I had to walk Nigella (our official psychiatry consultation service mascot) yesterday and ended up replacing her at the gift shop. Although it doesn’t cost anything to get her filled up with helium, it’s kind of a nuisance to do it once a week.
However, the slow leak gave us an opportunity to get small because one of us would have to walk her across the hospital to the gift shop–in full view of a lot of people. I don’t mean getting small in the sense that comedian Steve Martin used it in the ’70s–getting high. I mean it in the sense of shrinking the ego, as a reminder not to take ourselves too seriously.
I typically can take myself too seriously about a number of issues in clinical medicine these days, especially the Maintenance of Certification (MOC).
I’ve contacted Dr. Paul Mathew, a Harvard neurologist who has begun a spirited and constructive effort to reform MOC by requesting that the American Board of Psychiatry and Neurology (ABPN) remove the controversial Self-Assessment and Performance in Practice (PIP) modules.
Dr. Mathew has well over 850 signatures on the petition and is committed to a letter-writing campaign, the underlying principle of which is supported by the American Academy of Neurologists (AAN).
I’m urging every doctor who is now groaning under the burden of MOC to sign Paul’s petition and to also contact their hospital credentialing committees to consider adding the newly launched National Board of Physicians and Surgeons (NBPAS) as an alternative to ABPN.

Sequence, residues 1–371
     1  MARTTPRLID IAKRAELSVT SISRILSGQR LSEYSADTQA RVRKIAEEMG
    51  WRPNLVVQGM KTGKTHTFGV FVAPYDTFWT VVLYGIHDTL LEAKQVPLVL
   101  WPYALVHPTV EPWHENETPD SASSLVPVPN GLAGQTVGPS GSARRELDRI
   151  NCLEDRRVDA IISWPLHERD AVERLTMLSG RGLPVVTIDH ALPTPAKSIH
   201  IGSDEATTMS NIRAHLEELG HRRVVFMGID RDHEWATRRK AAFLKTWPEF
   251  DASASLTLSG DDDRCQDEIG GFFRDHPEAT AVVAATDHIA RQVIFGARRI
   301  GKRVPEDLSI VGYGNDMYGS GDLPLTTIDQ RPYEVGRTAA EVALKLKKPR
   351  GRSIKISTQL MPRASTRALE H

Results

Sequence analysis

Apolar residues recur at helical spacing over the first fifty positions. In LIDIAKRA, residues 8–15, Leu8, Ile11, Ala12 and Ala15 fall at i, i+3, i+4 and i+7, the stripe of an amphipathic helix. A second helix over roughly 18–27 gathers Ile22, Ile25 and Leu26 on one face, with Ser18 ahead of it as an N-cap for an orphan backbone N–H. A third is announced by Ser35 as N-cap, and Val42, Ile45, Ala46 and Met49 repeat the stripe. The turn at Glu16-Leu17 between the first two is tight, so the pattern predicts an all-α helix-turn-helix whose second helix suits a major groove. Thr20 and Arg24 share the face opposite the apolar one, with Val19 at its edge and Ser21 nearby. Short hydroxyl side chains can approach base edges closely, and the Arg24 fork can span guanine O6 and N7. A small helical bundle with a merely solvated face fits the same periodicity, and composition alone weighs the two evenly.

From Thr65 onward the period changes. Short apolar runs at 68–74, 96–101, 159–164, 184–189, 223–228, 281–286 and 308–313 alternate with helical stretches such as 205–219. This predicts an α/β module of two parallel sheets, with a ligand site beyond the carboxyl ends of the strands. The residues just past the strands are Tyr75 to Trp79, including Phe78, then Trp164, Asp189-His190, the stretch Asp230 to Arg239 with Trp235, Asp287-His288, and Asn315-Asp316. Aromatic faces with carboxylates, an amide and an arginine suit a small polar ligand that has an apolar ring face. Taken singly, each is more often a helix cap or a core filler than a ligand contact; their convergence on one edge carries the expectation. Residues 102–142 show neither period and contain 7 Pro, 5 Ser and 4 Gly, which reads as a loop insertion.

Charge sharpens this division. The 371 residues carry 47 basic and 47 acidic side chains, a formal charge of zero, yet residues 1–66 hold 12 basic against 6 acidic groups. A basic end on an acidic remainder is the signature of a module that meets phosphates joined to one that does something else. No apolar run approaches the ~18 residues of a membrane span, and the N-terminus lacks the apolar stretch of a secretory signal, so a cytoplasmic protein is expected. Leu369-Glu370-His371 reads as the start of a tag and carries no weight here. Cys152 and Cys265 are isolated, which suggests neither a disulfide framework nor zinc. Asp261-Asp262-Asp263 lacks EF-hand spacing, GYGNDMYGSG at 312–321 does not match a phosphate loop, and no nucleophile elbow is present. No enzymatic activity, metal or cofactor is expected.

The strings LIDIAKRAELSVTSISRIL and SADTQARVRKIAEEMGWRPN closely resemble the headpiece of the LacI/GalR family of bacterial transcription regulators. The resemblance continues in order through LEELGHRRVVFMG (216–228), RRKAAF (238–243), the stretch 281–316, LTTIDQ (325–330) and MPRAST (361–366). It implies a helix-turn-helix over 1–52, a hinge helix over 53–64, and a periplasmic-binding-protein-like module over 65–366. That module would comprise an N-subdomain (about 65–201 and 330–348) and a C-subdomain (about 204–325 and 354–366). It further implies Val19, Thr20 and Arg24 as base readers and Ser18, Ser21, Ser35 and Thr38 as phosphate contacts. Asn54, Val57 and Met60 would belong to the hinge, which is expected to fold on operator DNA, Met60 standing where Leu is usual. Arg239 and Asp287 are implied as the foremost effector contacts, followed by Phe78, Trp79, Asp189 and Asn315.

I’ve reached out to the leadership of the Academy of Psychosomatic Medicine (APM) to support this effort and I’ve contacted leaders in our hospital as well, using my article on the basics of MOC, TCPR May 2013 and the powerpoint slideset from NBPAS, which you can view below.
Could it be a Pecha Kucha? I doubt it, but it’s a beginning to a conversation…probably a difficult conversation. It’s a direct way to engage in constructive activism about an issue, which I think is probably healthier overall than just complaining about it. I think I’m being mindful about it in that I’m aware my efforts are unlikely to change the situation substantially. But change will occur eventually, maybe not when I would like it and maybe not in the way I would particularly like. But we’re all going to move on.
As usual, in order to see the picture galleries of photos or powerpoint slides, click on one of the slides, which will open up the presentation to fill the screen. Use the arrow buttons to scroll left and right through the slides or up and down to view any annotations.